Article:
Our BIG huge massive slides of notes that we’ll be gradually working our way through can be found here: Foreign Policy Truman to Bush

Here are some political cartoons we will analyze together in class: Foreign Policy Cartoons

Here is a link to information for the OPTIONAL, extra credit book for the quiz given in seminar on Wednesday, 4/16.  You can get the book from me, find it at the library, or purchase online.

Remember to READ CAREFULLY all the assigned pages in the book.  The first page of your unit packet should be a good checklist for you of what you need to know.  Here are the terms you should know for the test (out of your packet):

Chapter 29: “massive retaliation,” Iron Curtain, “defensive perimeter,” Truman Doctrine, Marshall Plan, Francis Gary Powers

Chapter 30: “search and destroy,” Vietcong, SALT I, Operation Mongoose, Robert S. McNamara, Lee Harvey Oswald, George Ball, Henry A. Kissinger

Chapter 32: glasnost, perestroika, strategic defense initiative, space shuttle, WIN, Camp David Agreement, Yom Kippur War, Anwar Sadat, Cyrus Vance, Muhammad Reza Pahlavi, Mikhail Gorbachev

Chapter 33: “ethnic cleansing,” World Trade Center, Kosovo, Boris Yeltsin, Manuel Noriega, Norman Schwarzkopf, Saddam Hussein, Muammar al-Qaddafi, Osama bin Laden, al Qaeda, Taliban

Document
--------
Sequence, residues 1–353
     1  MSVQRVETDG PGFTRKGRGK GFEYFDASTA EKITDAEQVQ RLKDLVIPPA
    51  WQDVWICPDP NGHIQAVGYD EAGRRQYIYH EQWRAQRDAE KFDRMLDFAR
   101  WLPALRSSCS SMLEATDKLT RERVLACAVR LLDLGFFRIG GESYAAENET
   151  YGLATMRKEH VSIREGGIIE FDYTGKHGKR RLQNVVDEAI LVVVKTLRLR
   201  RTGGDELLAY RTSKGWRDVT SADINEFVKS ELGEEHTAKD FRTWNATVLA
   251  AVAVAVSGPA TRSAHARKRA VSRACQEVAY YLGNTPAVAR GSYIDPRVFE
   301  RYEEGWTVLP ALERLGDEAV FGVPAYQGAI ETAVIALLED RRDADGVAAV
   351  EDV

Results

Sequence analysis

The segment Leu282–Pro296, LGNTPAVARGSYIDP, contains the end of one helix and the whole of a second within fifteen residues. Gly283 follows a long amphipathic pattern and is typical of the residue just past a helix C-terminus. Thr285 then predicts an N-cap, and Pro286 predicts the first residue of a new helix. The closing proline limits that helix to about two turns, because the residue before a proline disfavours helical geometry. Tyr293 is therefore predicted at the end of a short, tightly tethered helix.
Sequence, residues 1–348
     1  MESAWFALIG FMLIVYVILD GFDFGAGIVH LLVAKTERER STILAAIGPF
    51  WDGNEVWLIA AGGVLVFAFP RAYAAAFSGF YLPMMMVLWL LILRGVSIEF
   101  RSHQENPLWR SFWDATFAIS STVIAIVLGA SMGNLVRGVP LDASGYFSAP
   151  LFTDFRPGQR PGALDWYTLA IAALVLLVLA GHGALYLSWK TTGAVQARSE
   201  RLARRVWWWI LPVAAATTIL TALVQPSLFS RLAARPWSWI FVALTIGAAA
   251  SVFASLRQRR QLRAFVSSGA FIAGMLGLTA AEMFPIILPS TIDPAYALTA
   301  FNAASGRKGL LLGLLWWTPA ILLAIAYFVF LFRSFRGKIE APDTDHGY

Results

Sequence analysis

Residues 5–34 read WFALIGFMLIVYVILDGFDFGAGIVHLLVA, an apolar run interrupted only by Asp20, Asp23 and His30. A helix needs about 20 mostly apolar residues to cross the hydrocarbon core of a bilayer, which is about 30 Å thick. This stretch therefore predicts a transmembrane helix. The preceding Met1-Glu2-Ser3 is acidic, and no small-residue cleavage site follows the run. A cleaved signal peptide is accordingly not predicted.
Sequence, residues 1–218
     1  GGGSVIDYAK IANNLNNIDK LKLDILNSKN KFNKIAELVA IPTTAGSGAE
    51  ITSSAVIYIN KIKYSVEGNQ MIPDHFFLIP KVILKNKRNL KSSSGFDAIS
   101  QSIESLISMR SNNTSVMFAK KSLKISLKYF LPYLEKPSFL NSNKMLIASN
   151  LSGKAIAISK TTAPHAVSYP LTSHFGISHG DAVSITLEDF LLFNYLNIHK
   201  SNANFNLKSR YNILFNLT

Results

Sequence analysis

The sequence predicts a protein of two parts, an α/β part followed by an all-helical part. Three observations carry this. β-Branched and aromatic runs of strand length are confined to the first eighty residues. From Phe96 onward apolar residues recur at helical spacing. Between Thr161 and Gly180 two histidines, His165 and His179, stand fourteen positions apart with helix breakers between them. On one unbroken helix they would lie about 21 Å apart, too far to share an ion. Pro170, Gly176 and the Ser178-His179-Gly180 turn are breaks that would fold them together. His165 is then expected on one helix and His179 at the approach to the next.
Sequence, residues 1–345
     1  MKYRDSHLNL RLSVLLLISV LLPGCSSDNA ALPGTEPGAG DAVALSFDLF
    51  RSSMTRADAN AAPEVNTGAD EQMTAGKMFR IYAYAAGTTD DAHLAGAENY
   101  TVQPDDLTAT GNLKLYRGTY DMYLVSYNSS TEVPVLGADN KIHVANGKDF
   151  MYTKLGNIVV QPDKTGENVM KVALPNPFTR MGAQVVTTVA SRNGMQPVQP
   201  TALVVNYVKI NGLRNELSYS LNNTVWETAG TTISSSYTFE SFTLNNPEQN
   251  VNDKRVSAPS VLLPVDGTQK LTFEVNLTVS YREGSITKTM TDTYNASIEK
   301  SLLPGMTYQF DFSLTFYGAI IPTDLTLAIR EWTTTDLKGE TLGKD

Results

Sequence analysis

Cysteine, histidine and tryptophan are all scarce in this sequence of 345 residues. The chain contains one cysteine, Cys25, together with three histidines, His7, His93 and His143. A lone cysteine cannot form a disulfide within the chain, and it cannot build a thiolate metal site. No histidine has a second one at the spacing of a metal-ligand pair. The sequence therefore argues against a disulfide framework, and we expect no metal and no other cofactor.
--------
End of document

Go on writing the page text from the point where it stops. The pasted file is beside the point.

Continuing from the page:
World History: Cold War Helpful Stuff

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Here is everything you need to succeed on the Cold War Test.

Our study guide can be found here: Cold War Europe Study Guide

Our notes on the introduction to the Cold War, including events from 1945-1962, can be found here: The Cold War Begins! And here is a video where I walk you through these notes and the  early years of the Cold War.

Intro to Cold War, Part 1

And here is some good stuff on Crash Course!  You only really need the beginning to 5:42, and then 9:03-the end.

Here are the class notes on the 1989 Revolutions that we discussed on Friday, 3/28: 1989 Revolutions

Here is a link to where you can watch video of these revolutions. THIS IS REALLY HELPFUL FOR YOUR 1989 NEWSCASTS!

Here is some information on the fall of the Soviet Union: Fall of USSR and just for fun, here’s a little song about it, too! Watch the video below for an explanation on the fall of the U.S.S.R.:

APUSH: How to Tackle a DBQ

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So I’m at a workshop today, which means you get to hear my voice that I recorded last year in my really warehouse-y room (sorry for the echo!).  I’ll walk you through how to create your DBQ outline, and then you can use your notes, book, etc. to create your OWN outline!  I am mostly concerned with your thesis, brainstorm, and your GENERAL setup.  IT’S AN OUTLINE…do NOT write the whole essay!  Don’t worry, you’ll get to do that in later units.